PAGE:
Design Thinking - Attributes
Design thinking is an extensive study of various attributes, like principles, methods and processes, challenges etc. Let’s have a look at the attributes of design thinking.
The Principles of Design Thinking
According to Christoph Meinel and Larry Leifer, there are four principles to design thinking.
The Human Rule − This rule states that all kinds of design activity are ultimately social in nature.
The Ambiguity Rule − This rule requires all design thinkers to preserve ambiguity in the process design thinking.
The Re-design Rule − The re-design rule states that all designs are basically examples of re-design.
The Tangibility Rule − The tangibility rule states that making ideas tangible always facilitates communication between design thinkers.
These four principles form the foundation of the design thinking process. A design thinker needs to form his ideas and put them forward based on these principles.
The next attribute is called as the ‘wicked problems’. These are the challenges that are faced by the design thinkers. Design thinking helps the designers in almost all professions to tackle these wicked problems. These challenges are supposed to be ill-defined or tricky.
Horst Rittel was the first person to refer to such problems with the word ‘wicked problems’. In the case of ill-defined problems, the problem statement and the solution are both unknown at the beginning of the design thinking exercise. In well-defined problems, at least the problem statement is clear and the solution is available through technical knowledge.
In wicked problems, the design thinker may have a general idea of the problem, but significant amount of time and effort goes into requirement analysis. Requirement gathering, problem definition, and problem shaping are major parts of this aspect of design thinking.
Once the design thinker has spent considerable amount of time in finding a solution, there occurs a moment when the thinker suddenly finds his way clear of all obstructions. This is the moment when the solution or a bright idea strikes the thinker’s mind. The aha-moment is the time when the results of convergent thinking and divergent thinking, analysis, problem definition and shaping, requirements analysis and the nature of the problem all come together and the best resolution is captured.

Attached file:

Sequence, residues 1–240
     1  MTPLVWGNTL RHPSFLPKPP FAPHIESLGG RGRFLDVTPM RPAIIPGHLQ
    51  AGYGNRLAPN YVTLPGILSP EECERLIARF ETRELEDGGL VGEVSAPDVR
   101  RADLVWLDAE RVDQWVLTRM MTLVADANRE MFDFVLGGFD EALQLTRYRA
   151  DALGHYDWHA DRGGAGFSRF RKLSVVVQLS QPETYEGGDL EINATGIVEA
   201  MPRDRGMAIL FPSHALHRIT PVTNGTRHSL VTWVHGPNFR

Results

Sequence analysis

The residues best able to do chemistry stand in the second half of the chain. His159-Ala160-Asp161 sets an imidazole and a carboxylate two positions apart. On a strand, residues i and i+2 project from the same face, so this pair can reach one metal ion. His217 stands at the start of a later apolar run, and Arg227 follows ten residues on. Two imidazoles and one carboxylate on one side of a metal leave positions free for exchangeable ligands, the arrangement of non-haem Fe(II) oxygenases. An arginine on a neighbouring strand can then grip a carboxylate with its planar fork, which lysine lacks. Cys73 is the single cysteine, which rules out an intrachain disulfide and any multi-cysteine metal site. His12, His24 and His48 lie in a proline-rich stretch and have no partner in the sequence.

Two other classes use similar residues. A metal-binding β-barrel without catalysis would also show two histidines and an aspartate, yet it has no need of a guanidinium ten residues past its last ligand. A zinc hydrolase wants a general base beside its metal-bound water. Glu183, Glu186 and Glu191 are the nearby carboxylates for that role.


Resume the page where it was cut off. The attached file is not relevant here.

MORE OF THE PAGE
At the aha-moment, the process of design thinking begins to appear clear, which actually appears hazy and unidirectional before the moment. The focus on the solution grows clear after this moment and the final product or the final solution is constructed hereafter.
Every design discipline makes use of a set of specific techniques, rules, and ways of doing things. These are called design methods. The methods include tasks like interviewing, creating user profiles, searching for other available solutions in the world, creating mind maps, creating prototypes for solving a problem and asking for answers to questions like five whys.
The ‘five whys’ is an iterative interrogative technique, which is used to explore the causeand-effect relationships underlying a particular problem. The technique helps to determine the root cause of any problem by repeating the question ‘Why?’ Each question forms the basis of the next question. This technique is developed by Sakichi Toyoda. This helps to find the root cause of many problems faced by designers. Five whys technique is used for root cause analysis.
The Five-step Process of Design Thinking
The design thinking process or method has five steps in all to be followed. The process starts with empathizing with the problem of the customer or the end-user. The process then moves to ideate on solutions using divergent thinking. The prototype is developed after convergent thinking and then the design thinkers resort to testing the prototype. We will learn more about each of these steps in the subsequent chapters of this tutorial.
Use of Analogies
It is imperative for a design thinker to find logic even in ill-defined problems that contain obscure relationships. This issue can be addressed using analogies. Visual thinking can help by correlating different internal representations, such as images, to develop an understanding of ill-defined elements of a situation.